Although I love a great moist muffin studded with fruit and nuts for breakfast as much as the next person, when I read how many calories some of them contained I really stopped buying them or even making them myself at home. Every once in a while though, I have a craving for a good breakfast muffin and that’s when I pull out this recipe which is both delicious and healthy. I really do prefer to make my muffins at home so I can control both portion size as well as the ingredients I am putting into them.
I was really quite surprised when we returned to Umbria this spring and I found All Bran cereal in my local grocery stores as I just cannot imagine Italians eating it. I personally would never choose these cardboard looking nuggets to eat on their own as a cereal, but they work amazingly well in baked goods and are a great source of fiber. As soon as I stumbled across All Bran in my local grocery store last month I bought a box and then made these muffins the following week. I have been using this recipe with many variations for many, many years and it makes a whopping 24 muffins at a time.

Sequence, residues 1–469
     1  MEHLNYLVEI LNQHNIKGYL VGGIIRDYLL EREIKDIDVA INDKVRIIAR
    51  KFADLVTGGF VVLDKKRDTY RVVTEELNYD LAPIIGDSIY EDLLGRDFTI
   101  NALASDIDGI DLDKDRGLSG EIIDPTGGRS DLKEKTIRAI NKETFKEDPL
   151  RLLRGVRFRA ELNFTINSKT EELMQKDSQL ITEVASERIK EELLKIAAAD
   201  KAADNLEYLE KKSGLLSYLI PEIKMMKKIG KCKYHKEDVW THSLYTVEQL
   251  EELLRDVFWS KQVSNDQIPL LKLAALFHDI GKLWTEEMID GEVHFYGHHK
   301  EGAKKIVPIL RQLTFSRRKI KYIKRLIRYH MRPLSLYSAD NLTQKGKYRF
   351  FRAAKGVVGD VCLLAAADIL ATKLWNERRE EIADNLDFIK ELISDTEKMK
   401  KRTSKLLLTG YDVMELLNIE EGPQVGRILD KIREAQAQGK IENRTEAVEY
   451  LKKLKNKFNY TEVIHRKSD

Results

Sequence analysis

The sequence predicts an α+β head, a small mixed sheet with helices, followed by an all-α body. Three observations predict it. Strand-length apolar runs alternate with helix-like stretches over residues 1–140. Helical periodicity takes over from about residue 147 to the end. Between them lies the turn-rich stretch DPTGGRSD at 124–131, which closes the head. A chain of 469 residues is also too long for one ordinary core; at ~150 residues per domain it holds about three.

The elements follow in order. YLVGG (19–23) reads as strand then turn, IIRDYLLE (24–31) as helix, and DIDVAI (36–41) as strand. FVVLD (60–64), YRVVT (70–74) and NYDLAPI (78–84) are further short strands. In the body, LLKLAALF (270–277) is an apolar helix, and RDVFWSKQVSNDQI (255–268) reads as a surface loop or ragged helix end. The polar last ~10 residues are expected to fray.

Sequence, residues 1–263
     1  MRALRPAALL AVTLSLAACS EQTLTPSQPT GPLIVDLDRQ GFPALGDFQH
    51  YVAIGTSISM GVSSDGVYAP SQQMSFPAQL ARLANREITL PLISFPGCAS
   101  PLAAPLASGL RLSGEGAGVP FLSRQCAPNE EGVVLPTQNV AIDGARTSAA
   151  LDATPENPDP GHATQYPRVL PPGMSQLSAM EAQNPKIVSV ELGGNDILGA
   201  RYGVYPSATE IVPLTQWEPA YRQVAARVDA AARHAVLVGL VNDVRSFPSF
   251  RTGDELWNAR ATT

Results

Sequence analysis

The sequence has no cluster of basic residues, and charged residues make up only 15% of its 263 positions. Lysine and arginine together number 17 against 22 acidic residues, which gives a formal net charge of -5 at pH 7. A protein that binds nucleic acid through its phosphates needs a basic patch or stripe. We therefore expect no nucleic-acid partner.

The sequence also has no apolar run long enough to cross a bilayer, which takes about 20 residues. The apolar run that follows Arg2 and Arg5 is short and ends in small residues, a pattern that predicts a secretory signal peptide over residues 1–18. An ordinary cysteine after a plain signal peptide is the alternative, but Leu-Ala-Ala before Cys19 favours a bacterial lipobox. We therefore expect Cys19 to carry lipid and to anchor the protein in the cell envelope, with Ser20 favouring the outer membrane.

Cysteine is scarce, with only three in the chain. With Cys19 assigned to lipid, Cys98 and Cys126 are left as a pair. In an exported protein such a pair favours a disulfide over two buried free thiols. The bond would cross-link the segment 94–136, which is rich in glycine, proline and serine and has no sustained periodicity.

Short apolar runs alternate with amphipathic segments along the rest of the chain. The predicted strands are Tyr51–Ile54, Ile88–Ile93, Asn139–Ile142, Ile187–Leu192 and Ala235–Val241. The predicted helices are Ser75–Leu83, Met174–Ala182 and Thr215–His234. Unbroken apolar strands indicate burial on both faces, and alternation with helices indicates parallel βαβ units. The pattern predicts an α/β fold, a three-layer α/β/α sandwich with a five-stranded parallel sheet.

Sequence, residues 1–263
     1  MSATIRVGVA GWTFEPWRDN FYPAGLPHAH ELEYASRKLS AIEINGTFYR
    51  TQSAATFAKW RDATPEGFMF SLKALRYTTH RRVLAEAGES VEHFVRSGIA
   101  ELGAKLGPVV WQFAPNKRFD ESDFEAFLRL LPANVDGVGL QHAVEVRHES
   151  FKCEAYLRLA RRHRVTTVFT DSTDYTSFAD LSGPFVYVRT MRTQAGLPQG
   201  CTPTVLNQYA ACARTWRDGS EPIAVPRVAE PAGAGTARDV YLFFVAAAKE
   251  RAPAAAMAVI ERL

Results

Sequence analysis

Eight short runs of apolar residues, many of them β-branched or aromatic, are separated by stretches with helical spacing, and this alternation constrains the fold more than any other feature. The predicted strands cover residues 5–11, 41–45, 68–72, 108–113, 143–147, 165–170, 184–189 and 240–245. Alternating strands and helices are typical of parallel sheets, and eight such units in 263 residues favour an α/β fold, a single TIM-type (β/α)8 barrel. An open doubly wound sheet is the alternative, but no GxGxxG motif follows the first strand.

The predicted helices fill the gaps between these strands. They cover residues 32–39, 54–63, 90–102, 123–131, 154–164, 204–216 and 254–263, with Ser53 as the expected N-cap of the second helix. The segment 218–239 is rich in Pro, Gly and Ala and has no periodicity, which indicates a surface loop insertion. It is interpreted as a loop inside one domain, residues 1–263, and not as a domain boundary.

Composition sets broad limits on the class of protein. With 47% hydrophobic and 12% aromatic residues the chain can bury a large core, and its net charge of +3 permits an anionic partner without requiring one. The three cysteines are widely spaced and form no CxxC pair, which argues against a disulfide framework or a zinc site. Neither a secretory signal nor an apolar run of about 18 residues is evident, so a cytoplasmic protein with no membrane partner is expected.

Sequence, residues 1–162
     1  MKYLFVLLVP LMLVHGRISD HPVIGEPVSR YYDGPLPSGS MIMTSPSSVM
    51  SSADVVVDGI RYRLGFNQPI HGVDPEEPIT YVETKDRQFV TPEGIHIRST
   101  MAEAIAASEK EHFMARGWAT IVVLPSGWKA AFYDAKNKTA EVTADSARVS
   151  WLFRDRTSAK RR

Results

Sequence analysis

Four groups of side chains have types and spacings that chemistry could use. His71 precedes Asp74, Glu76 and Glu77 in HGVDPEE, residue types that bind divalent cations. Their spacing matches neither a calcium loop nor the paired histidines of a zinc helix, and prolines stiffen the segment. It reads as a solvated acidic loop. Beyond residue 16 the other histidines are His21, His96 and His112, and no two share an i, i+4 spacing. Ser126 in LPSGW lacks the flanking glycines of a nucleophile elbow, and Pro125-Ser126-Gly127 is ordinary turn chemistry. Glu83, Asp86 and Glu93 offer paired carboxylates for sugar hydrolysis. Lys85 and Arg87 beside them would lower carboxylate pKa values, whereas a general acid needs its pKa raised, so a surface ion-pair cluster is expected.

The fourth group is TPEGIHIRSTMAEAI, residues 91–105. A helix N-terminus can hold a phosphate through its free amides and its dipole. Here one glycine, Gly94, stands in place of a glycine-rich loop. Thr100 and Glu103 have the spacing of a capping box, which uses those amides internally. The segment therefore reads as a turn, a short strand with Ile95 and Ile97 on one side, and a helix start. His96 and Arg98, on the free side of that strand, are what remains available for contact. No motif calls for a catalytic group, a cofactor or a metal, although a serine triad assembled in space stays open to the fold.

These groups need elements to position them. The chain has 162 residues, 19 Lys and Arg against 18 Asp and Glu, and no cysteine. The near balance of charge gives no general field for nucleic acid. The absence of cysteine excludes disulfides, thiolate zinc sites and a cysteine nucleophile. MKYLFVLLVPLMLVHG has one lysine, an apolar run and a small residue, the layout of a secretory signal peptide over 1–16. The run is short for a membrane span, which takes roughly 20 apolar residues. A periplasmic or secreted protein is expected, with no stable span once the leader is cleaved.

The great thing about this recipe though, is that you can keep the batter in the refrigerator for up to two weeks and bake 6 muffins at a time if you wished. This is great as it allows you to enjoy fresh baked muffins whenever you choose. Personally though, I’m not that awake first thing in the morning to be baking muffins as soon as I arise, so I usually bake up all 24 muffins at once and then freeze them in packages of 6. I then simply take a package out of the freezer the night before I decide I want them, and I have my muffins ready for me the next morning for breakfast. If you were making these muffins for a special brunch or for guests, you might want to sprinkle the tops of them with a streusel mixture to make them more attractive, but when I am making them for myself and my family I usually keep them simple. Buttermilk is not as readily available here in Umbria although I did bring a can of powdered buttermilk along with me. As a substitute for buttermilk you can also use soured milk, or even milk.
Deborah Mele 2011
Moist and delicious with a nutritional punch of fiber.